The internet enables misinformation on COVID

QUICK READ: Some deaths will occur during the COVID-19 vaccination rollout, but these deaths would have happened for other reasons and are unrelated to the vaccine. Vaccine-hesitant groups are peddling misinformation online and conspiracy theories aimed at eroding trust in the COVID-19 vaccine are everywhere forcing people to conduct more research.

In some instances, vaccine-hesitant activists are manufacturing stories of deaths related to the vaccine that never happened. These groups are also latching onto reports of real deaths following the shot, blaming the vaccine and disregarding medical information that other causes are to blame. While patients have the right to full disclosure, misinformation and scare tactics could lead to more deaths from COVID.

A big source of mistrust in the COVID-19 vaccine comes from the speed at which it was produced. A recent survey from the Kaiser Family Foundation found that 27 percent of Americans said they “probably or definitely would not get a COVID-19 vaccine,” even if it were free and deemed safe by scientists. The major concerns for hesitancy included worries over side effects and that the vaccine is too new. Also cited was a lack of trust in the government to ensure the vaccines’ safety and effectiveness.

A recent Pew Research Centerpoll reports that 39 percent of people say they definitely or probably wouldn’t get a coronavirus vaccination. This endangers more than the people who don’t get shots; we need a large though as-yet-undetermined percentage of people to be vaccinated before we see a slowdown in the virus’s spread and with it the indirect protection known as herd immunity. Meanwhile, vulnerable groups whose immune systems are too compromised to be vaccinated are unprotected.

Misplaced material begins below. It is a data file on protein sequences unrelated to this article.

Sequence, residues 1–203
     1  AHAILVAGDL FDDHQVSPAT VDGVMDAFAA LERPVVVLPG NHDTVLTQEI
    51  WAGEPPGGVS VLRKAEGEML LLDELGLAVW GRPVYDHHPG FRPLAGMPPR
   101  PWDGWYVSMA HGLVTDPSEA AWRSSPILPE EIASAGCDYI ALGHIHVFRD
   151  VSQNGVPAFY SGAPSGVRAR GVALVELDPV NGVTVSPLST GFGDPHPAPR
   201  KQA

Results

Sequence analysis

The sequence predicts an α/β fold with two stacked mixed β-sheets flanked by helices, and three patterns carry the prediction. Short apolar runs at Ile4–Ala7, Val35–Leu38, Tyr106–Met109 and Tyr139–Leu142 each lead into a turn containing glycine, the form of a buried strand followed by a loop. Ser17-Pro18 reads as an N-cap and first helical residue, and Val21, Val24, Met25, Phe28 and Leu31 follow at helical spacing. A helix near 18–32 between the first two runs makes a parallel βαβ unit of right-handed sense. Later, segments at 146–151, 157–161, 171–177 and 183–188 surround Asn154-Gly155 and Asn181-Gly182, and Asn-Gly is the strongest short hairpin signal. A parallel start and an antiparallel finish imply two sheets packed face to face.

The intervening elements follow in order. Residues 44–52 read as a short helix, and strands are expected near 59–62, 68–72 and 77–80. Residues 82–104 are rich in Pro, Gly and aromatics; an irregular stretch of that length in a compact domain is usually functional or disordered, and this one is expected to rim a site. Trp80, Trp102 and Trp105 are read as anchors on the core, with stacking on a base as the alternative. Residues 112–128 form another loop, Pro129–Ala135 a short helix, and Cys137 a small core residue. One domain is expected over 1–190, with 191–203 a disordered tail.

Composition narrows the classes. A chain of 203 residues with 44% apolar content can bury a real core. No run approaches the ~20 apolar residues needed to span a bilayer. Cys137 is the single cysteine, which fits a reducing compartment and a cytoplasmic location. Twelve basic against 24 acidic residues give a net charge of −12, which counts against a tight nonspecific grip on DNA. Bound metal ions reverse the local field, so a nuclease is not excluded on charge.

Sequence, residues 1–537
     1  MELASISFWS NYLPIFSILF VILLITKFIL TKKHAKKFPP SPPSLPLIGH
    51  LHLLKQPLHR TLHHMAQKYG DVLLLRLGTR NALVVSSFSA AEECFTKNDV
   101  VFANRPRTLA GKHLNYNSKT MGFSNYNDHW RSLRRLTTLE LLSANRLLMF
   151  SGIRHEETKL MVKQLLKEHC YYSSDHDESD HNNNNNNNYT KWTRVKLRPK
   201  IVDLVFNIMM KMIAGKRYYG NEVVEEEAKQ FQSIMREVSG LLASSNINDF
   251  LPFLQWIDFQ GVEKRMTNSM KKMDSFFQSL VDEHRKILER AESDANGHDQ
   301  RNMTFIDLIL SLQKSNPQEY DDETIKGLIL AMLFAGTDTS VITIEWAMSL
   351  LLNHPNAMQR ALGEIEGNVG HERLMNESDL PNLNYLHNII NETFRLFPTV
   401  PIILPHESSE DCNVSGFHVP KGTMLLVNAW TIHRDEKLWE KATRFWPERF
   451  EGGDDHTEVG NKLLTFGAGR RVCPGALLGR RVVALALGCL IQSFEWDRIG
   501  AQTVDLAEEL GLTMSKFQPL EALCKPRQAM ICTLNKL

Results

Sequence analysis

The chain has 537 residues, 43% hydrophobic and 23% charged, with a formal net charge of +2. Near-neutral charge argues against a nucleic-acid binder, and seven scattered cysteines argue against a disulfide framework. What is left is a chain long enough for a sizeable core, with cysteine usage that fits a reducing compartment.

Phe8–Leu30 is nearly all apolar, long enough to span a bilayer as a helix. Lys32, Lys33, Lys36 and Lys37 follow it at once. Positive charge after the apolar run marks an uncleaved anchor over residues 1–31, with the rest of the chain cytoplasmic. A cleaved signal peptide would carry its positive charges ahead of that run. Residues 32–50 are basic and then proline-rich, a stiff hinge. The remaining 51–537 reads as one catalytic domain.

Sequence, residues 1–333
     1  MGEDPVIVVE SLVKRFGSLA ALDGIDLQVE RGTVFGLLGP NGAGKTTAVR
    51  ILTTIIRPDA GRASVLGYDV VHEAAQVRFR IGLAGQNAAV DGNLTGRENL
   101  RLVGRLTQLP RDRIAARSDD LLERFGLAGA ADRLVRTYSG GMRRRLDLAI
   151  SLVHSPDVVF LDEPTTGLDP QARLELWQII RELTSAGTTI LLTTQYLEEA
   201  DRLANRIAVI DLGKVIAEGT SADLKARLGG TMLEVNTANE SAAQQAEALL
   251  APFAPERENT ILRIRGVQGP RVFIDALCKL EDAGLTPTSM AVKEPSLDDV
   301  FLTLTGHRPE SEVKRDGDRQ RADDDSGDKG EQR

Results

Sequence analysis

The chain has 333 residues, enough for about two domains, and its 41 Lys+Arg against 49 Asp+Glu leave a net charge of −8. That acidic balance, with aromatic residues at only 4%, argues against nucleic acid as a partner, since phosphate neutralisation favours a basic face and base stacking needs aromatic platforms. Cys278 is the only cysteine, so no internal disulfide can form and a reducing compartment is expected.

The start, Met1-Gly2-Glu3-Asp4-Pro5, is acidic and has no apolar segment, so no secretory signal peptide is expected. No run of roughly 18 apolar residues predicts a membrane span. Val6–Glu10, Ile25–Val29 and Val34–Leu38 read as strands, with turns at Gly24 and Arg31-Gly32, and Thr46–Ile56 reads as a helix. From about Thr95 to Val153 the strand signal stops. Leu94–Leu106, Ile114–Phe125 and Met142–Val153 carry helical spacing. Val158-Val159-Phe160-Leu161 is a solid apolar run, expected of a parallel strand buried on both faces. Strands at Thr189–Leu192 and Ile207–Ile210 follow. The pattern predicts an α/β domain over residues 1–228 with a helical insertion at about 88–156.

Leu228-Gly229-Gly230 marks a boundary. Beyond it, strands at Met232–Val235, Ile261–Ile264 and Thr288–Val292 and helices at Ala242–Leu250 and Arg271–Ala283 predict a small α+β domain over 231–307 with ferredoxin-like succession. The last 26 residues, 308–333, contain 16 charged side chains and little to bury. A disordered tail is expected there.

It’s true that the Covid-19 vaccine went through an unprecedentedly rapid process — for which we should all be grateful, given the urgency. And while there’s concern that the Covid-19 vaccines were rushed and that that means they haven’t been properly vetted or that their safety is otherwise in question, it’s simply not the case.

A chief reason for the speedy turnaround was a decision the federal government made to expedite delivery of the vaccine — which has nothing to do with the scientific validity of the drug itself. The government allowed the drugmakers to mass-produce the vaccine while still conducting clinical trials. This was a gamble: If the Food and Drug Administration deemed the vaccines not safe and effective, those doses would be no better than trash. But it’s a bet that seems to have paid off.

Another concern stems from the talk that the medical technology involved is “novel.” It’s the first time such a vaccine technique has been authorized, but that doesn’t mean it’s unknown. In fact, RNA-based platforms to deliver vaccines have been researched since the 1990s. Having this technology and know-how in place allowed for speedy development during a pandemic and should be applauded.